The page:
The new lease accounting standard might provide cost savings opportunities you weren’t expecting.
Moving to the new lease accounting standard under FASB ASC 842 has been confusing for many companies. In some cases, they’ve spent more time and money on it than they anticipated. What’s more, while organizations have correctly focused on compliance with the standard, they’ve also overlooked opportunities for optimization.
We’ve worked with several clients on moving to the new standard, and we’ve found it presents a chance for organizations to review their current lineup of leases and determine how to restructure those for their financial benefit.
Here are four steps organizations can undertake in lease accounting that can also help provide insight into better lease management.
1. Compile all your lease information
Is information on all your leases currently housed in a single, centralized repository? If not, that’s the first action to take. But it’s more than just loading data it into a spreadsheet. As you perform a comprehensive, organizationwide examination of your current and in-process leases, you should upload information for each lease into a system that allows you to easily review and compare – and make more informed business decisions in the long run.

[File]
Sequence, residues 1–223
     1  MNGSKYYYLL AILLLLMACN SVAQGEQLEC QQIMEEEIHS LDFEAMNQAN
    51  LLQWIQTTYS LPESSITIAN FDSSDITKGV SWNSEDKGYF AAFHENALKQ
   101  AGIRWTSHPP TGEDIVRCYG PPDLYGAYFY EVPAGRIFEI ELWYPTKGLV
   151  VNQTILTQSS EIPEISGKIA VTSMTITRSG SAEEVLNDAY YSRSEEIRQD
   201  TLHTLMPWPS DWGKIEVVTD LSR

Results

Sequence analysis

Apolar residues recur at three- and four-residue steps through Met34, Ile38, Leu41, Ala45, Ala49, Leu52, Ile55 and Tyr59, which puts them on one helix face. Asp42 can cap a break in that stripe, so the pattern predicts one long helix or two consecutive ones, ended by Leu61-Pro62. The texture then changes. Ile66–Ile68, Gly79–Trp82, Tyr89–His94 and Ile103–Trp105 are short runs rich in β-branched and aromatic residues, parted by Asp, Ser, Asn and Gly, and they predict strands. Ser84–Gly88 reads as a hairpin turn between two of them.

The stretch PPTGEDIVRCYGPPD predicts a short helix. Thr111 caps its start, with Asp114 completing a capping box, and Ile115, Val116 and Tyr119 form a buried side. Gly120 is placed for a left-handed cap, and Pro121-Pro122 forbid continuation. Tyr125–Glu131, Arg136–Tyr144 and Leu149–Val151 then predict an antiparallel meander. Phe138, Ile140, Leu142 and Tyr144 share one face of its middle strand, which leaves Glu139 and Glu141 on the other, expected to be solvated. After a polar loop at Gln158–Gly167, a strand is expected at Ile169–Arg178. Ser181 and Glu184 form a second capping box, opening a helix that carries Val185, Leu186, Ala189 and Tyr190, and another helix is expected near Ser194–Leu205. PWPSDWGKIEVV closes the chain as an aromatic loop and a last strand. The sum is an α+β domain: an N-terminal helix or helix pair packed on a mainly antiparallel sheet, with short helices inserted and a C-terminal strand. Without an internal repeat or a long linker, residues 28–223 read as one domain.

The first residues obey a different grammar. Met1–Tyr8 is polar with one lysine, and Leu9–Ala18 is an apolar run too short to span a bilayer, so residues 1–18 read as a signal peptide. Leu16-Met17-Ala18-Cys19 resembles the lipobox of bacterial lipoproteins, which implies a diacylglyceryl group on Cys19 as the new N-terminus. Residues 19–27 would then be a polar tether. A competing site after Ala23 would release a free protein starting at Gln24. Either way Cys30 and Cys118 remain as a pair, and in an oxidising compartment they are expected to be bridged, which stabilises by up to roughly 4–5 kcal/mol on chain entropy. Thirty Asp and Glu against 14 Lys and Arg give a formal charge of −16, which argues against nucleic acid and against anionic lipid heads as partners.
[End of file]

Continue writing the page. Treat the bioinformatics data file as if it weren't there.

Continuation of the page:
2. Get out of or renegotiate leases for obsolete and redundant equipment and facilities
In many cases, companies might not realize that they have multiple providers for the same type of equipment and could reduce their costs by moving to just one or two suppliers. Or they might be paying a lot of money for machinery or physical space that’s hardly used. In reviewing leases, you can determine where you’re investing substantial amounts of money for things you aren’t using that much – or at all. Then, you can figure out if you can end those leases, refinance them, or possibly institute buybacks for cash flow.
3. Evaluate cost of ownership versus continued leasing
Another aspect of this process is evaluating whether it’s more cost-effective over time to purchase certain equipment or property rather than lease. You might find that financial advantages to ownership outweigh what you’re getting from a lease. However, in comparing the two, consider if opportunities exist to renegotiate lease terms. You might be able to bring down costs and bargain for improvements on maintenance and service by working with your vendors .
4. Explore outsourcing or managed service arrangements for lease accounting compliance
You can potentially save a great deal of money and staff time by bringing in an outside team to execute all the three steps described above. Ideally, this team will have experience helping organizations like yours to successfully transition to the new lease accounting standard – and to help you reduce expenses.